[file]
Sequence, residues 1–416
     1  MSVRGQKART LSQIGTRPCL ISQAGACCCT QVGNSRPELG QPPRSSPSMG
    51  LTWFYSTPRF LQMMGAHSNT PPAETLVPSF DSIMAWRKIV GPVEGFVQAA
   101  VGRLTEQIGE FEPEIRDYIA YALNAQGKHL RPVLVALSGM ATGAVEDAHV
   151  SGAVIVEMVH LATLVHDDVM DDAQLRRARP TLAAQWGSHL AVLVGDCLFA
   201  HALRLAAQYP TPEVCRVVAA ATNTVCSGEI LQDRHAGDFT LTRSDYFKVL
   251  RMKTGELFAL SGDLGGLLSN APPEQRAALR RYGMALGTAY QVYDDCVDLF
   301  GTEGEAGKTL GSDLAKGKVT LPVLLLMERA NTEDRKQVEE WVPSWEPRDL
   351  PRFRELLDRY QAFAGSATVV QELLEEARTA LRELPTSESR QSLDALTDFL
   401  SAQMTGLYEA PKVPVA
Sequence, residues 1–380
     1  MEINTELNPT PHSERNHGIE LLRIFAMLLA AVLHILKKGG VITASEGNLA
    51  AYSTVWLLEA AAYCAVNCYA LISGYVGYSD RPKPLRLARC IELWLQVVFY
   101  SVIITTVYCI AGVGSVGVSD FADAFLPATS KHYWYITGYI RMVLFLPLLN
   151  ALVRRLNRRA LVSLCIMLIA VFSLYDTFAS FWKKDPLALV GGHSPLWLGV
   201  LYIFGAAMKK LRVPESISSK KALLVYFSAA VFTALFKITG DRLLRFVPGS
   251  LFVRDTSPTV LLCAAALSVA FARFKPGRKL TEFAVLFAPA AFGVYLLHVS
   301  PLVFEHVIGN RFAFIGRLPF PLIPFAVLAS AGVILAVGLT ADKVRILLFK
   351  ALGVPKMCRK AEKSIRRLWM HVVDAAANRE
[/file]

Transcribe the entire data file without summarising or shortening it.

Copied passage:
Sequence, residues 1–416
     1  MSVRGQKART LSQIGTRPCL ISQAGACCCT QVGNSRPELG QPPRSSPSMG
    51  LTWFYSTPRF LQMMGAHSNT PPAETLVPSF DSIMAWRKIV GPVEGFVQAA
   101  VGRLTEQIGE FEPEIRDYIA YALNAQGKHL RPVLVALSGM ATGAVEDAHV
   151  SGAVIVEMVH LATLVHDDVM DDAQLRRARP TLAAQWGSHL AVLVGDCLFA
   201  HALRLAAQYP TPEVCRVVAA ATNTVCSGEI LQDRHAGDFT LTRSDYFKVL
   251  RMKTGELFAL SGDLGGLLSN APPEQRAALR RYGMALGTAY QVYDDCVDLF
   301  GTEGEAGKTL GSDLAKGKVT LPVLLLMERA NTEDRKQVEE WVPSWEPRDL
   351  PRFRELLDRY QAFAGSATVV QELLEEARTA LRELPTSESR QSLDALTDFL
   401  SAQMTGLYEA PKVPVA
Sequence, residues 1–380
     1  MEINTELNPT PHSERNHGIE LLRIFAMLLA AVLHILKKGG VITASEGNLA
    51  AYSTVWLLEA AAYCAVNCYA LISGYVGYSD RPKPLRLARC IELWLQVVFY
   101  SVIITTVYCI AGVGSVGVSD FADAFLPATS KHYWYITGYI RMVLFLPLLN
   151  ALVRRLNRRA LVSLCIMLIA VFSLYDTFAS FWKKDPLALV GGHSPLWLGV
   201  LYIFGAAMKK LRVPESISSK KALLVYFSAA VFTALFKITG DRLLRFVPGS
   251  LFVRDTSPTV LLCAAALSVA FARFKPGRKL TEFAVLFAPA AFGVYLLHVS
   301  PLVFEHVIGN RFAFIGRLPF PLIPFAVLAS AGVILAVGLT ADKVRILLFK
   351  ALGVPKMCRK AEKSIRRLWM HVVDAAANRE